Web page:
Interview: Westland

brendan hourican goes to the west side…

Since their formation in 2009, Westland has been all over the U.S., recorded with multi platinum producer Shep Goodman, and earned critical acclaim from some big names such as Alternative Press and Kings of A&R. The Boston pop rock band has secured their spot on tours such as The Glamour Kills Tour and The Vans Warped Tour. They aim to make some noise with a more alternative sound on their upcoming E.P., set to be released in the fall. I spoke with Westland’s singer Aaron Bonus about their new sound and their hopes for the future.

Pop-Break: How did you guys all meet and come to start the band?

Aarons Bonus: Well we have a few new members now because we dismembered around Christmas last year because we all wanted to do different things. Basically, a couple of us were childhood friends, and a couple of us met in Boston. John and Carlo were Berklee students. When we were looking for musicians we wanted the best and since Berklee is literally in our backyard we tried to get some members from there first and we found our original bass player on craigslist believe it or not.

PB: So how did you meet these new guys?

AB: We met the new guys through other musicians and friends we have made along the way. We came to separate the people who really want to be in a band seriously and the people who are into it more as just a hobby. Our original drummer got kicked out of the country because he was here on a student visa and he couldn’t work. That was a big bummer. On the application to get the proper visa, they compare you to the biggest musicians in the country, so they ask questions like “Have you ever won a VMA?”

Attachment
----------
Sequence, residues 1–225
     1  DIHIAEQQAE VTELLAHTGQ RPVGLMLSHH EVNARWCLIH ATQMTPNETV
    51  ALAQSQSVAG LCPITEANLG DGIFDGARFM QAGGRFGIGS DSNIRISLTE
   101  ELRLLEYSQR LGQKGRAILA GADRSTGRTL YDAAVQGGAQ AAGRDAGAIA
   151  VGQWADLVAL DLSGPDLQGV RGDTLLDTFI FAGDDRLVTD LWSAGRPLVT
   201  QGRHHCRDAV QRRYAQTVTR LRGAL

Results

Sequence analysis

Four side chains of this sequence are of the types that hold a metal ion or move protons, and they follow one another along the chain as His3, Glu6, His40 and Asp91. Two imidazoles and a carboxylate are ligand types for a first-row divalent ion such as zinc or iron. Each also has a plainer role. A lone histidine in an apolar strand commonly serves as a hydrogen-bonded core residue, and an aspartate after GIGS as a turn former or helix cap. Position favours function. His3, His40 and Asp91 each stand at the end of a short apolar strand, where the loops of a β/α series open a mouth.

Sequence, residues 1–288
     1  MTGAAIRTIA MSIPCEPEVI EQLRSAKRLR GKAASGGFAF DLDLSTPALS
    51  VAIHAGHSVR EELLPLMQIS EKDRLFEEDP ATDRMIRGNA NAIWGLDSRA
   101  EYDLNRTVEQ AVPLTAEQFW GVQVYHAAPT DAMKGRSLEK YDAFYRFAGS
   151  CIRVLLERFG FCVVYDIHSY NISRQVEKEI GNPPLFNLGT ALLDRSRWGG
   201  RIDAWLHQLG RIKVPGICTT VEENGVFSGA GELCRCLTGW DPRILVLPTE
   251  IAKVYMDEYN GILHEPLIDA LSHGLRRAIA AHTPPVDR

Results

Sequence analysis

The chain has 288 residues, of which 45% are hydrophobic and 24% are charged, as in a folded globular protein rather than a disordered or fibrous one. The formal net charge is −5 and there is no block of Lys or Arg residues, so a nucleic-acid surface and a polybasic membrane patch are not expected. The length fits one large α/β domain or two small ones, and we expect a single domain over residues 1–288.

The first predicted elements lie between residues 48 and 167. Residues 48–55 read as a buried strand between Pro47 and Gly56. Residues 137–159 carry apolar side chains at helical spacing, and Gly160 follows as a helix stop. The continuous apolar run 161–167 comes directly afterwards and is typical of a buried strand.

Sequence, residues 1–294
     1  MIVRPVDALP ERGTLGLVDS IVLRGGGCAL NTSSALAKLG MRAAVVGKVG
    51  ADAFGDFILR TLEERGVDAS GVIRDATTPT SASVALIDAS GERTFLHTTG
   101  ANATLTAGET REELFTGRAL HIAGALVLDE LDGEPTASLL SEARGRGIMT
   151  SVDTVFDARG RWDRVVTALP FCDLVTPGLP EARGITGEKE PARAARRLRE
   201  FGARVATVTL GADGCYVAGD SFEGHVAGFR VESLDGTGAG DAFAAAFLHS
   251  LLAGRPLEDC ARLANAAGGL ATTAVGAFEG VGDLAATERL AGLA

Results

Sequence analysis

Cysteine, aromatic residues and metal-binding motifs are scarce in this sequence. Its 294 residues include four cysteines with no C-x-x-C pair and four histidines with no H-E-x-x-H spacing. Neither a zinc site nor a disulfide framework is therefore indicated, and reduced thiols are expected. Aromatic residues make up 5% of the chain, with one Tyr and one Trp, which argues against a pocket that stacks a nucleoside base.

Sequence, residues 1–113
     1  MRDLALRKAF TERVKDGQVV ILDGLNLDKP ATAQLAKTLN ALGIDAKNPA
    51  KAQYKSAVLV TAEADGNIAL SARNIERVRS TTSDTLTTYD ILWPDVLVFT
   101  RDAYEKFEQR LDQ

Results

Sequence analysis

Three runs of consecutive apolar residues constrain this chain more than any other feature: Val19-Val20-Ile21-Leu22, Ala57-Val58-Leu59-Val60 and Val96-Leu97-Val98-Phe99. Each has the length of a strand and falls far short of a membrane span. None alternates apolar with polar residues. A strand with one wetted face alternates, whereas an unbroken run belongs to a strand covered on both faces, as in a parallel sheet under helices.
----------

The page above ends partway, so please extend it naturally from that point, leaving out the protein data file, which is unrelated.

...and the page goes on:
PB: Wow, they’re serious.

AB: Yeah. We’re working hard but we haven’t gotten there yet! It’s kind of silly.

PB: That really sucks.

AB: But as of right now we’re going in a much more indie direction and I use the word “indie” because that’s the title that the scene has given it these days. But we’re just going back to the basics of music and playing real rock ‘n’ roll essentially.

PB: So you have an EP coming out this fall. Is there a release date?

AB: Well there isn’t an official date but we start recording it August 20th, which is actually my birthday, and were going to be recording for about two weeks in Nada studios which is in Newburgh N.Y. so I’m pretty stoked about that. We also have a really great producer, his name is Shep Goodman, he’s a great guy and talented to say the least.

PB: So that’s going to be more of a raw indie sound?

AB: Well I wouldn’t really say raw, it’s not going to be synth driven, but you can compare it somewhat to The Killers’ first record in that they’re really the only band who you could call indie alternative that isn’t doing it low-fi, and we’re not going to be doing it low-fi. The lyrical content will probably be the biggest thing that people will notice a difference in. It’s stepping away from the teen angst girl problems. This lyrical content is dealing with the more serious problems in the world. I have a stage and a microphone and most people don’t get that all their life, so why not talk about things that you believe in.

PB: Yeah definitely, so Alternative Press described your sound as if Claudio from Coheed and Cambria sang for All Time Low, and I see you have a Coheed and Cambira cover on your Facebook. Do you guys embrace that comparison?